The hakapik is a heritage tool still used in the Magdalen Islands. I have described how it is used. At that time, the hunter had already killed the animal. He was being filmed and they asked him to strike some additional blows. These same images were used in Brigitte Bardot's first campaign. The person who asked the hunter to appear in the film knew very well why he asked the hunter to hit the seal again. It was to make the hunt seem savage and cruel and to imply that the hunter was striking the animal again simply to vent his frustration or who knows for what other reason. It created a very bad image. That was the image used by Brigitte Bardot to launch her campaign against the hunt. That is the same image we have seen over and over again.
Recently, in 2007, the famous Rebecca Aldworth, whom I mentioned earlier, also showed up on the ice off the Magdalen Islands to take pictures. At one point, she saw a bloody seal that was not yet dead. For 20 minutes, she filmed that suffering animal, never thinking for a second to put an end to its agony by killing it.
The very same abolitionists, the very same people who condemn cruelty, used pictures, and because they needed those pictures, they acted cruelly. We need to remember that as well. That is part of the game. These people are willing to do anything.
The seal hunt is like an open-air abattoir. Do I need to say it again? I defy anyone who visits that abattoir to tell me he or she loved it, unless that person is cold-blooded and lacking common sense. That is what is happening at present. The hunt is an open-air abattoir, which makes it very difficult for us to fight these people with pictures, especially when they will use anything in any way they can just to get money from people who, when they see these pictures, say that the hunt makes no sense.
This is what we are up against, and it has been going on for 30 years, since the 1970s. That is where we are at. Today, the abolitionists are claiming victory. I feel they are claiming victory on the basis of demagoguery and disinformation. I have always said, and I will say it again, that one day the truth will prevail. That is the only way to deal with this situation. For the truth to prevail, it must be known and recognized. That is why we must engage in a huge information and promotion campaign in Europe and elsewhere. We must not forget that the United States has the Marine Mammal Protection Act, which states that the harp seal is an endangered species.
Yet, in 1970, there were 2 million harp seals, compared to about 6 million now. The species is not in danger, as the numbers show. These numbers were not made up. They are the result of a scientific analysis. In fact, those numbers may be even higher, because we are just talking about the harp seal, the one that is currently being killed and which is the subject of campaigns.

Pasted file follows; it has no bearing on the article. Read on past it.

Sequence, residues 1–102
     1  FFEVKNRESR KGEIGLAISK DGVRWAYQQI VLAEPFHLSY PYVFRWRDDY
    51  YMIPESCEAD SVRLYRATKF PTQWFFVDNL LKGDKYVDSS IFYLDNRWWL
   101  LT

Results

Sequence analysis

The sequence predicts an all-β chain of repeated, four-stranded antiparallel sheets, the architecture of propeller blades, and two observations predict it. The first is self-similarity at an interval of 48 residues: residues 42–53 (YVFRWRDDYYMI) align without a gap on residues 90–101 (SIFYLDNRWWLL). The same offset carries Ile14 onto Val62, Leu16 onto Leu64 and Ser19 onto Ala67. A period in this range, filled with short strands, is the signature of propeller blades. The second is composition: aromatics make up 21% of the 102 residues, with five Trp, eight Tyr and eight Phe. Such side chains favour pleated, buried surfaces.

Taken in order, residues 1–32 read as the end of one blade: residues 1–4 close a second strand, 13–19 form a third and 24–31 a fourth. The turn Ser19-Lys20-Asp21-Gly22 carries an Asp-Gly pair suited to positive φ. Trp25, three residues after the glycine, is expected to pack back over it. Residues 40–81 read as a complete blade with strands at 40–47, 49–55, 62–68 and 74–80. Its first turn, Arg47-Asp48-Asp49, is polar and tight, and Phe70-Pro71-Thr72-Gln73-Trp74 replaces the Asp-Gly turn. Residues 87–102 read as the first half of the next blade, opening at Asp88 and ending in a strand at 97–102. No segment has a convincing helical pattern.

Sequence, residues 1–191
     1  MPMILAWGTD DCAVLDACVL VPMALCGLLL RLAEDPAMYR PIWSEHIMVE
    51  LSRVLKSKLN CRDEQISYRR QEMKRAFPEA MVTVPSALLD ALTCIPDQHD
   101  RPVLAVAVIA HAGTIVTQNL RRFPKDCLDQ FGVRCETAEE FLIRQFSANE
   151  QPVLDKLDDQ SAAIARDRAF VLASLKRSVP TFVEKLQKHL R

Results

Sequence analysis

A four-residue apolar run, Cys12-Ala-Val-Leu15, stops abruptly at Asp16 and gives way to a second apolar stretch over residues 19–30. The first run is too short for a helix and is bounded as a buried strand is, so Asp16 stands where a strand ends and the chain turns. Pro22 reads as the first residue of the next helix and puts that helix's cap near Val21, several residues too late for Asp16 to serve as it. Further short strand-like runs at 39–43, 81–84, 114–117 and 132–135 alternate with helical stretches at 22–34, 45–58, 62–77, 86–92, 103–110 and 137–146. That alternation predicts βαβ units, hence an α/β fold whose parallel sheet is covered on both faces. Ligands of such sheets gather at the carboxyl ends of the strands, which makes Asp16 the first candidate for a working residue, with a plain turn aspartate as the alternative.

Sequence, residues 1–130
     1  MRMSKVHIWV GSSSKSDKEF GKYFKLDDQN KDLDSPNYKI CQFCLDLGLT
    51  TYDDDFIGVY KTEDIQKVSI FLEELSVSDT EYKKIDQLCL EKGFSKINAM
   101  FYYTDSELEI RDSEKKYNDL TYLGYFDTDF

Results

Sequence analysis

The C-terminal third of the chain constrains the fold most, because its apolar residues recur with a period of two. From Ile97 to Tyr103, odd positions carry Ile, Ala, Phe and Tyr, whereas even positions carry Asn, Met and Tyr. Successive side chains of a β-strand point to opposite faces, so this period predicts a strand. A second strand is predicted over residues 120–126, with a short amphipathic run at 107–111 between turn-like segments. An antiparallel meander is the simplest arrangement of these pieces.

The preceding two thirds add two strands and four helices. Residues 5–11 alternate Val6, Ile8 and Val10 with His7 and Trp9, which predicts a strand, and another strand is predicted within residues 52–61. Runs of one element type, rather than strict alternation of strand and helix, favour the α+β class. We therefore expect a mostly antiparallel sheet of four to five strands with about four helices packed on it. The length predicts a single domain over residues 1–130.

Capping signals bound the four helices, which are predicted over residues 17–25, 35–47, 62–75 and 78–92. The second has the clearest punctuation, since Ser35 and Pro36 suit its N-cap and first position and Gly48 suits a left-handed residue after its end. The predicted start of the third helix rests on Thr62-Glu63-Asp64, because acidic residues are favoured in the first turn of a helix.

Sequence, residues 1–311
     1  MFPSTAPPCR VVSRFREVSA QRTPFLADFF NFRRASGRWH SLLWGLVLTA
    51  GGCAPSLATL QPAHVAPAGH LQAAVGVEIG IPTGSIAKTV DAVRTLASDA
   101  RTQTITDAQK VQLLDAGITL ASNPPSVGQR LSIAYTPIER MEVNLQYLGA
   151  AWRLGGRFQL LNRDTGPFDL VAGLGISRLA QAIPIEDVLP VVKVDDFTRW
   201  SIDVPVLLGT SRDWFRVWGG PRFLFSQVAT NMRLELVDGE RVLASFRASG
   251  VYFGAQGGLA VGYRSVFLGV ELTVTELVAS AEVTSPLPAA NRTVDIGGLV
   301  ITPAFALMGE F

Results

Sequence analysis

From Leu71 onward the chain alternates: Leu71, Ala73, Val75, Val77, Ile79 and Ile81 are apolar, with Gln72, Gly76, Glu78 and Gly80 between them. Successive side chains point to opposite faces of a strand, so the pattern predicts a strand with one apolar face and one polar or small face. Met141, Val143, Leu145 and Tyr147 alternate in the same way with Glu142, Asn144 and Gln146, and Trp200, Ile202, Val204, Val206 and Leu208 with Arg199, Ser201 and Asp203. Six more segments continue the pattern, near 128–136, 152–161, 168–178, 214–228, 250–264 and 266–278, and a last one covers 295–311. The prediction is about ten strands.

However, we do not hear as much about the grey seal, which is two to three times bigger, which eats more, and which is present in our rivers. Indeed, the grey seal is now present in our rivers, where we also find salmon and trout. This is what is happening right now. That same grey seal eats lobster and crab. In fact, it loves good food. I have no problem with that, but let us just say that there are a few too many of them. For example, it will often eat only part of a cod, because it likes that part better than the rest.
Personally, I love cod. I am the son of a fisher and cod is in my genes. It tastes very good, from head to tail, and it can be cooked in various ways.
Both the grey seal and the harp seal are big eaters. They do not eat peanuts or whatever: they eat products from the sea. Grey seals, which are a lot bigger, reproduce in very large numbers. I saw some of them not that long ago—last year—and I photographed them. There were about 30 grey seals, positioned very close to a fish plant, waiting to eat what was left from the processing, and also eating what was available in the water.
Seal can be eaten in various forms, such as rillettes and terrines, or it can be smoked. It is delicious. It can also be prepared in a number of ways. I even had the opportunity to eat it as a hamburger. I thought it did not make sense, because a hamburger is not seal, but it was just as tasty. So, it can be eaten.
We also know that the fur can be used. I did not bring the seal fur hat that I wear very proudly when our committee examines this issue. That hat is very useful when it rains.
Furthermore, research is currently being done on the heart valves of seals that could eventually help cure heart disease. A group of Greek doctors came to the Magdalen Islands and they successfully treated the valves in question in a clinical environment and used them on animals. Initial experiments have proven very successful and very positive. There is also the collagen factor.
Indeed, the seal hunt as an ancestral activity is not an activity like any other that can be easily replaced by something else. When Paul McCartney came to the Magdalen Islands, he said that if we gave these fishermen money, they would find something else to do.
First of all, in order to properly understand, seal hunters are fishermen who do not do it simply for the money, but also because of tradition, and because these are the first signs of spring, the first signs of marine life. For them, it is extremely important. They even go hunting in extremely difficult and dangerous conditions. The hunt went well this year. It was relatively easy, because seals were found just off the coast of the Magdalen Islands. People could even travel on foot to do their hunting, but that is not the case every year.
Sometimes the conditions are extremely difficult and dangerous, as I said. Now we have this decision by the European Parliament based solely on demagoguery and misinformation. This decision hurts; it is disappointing and extremely frustrating. That is why we must challenge this decision as aggressively as possible here in the House of Commons and elsewhere.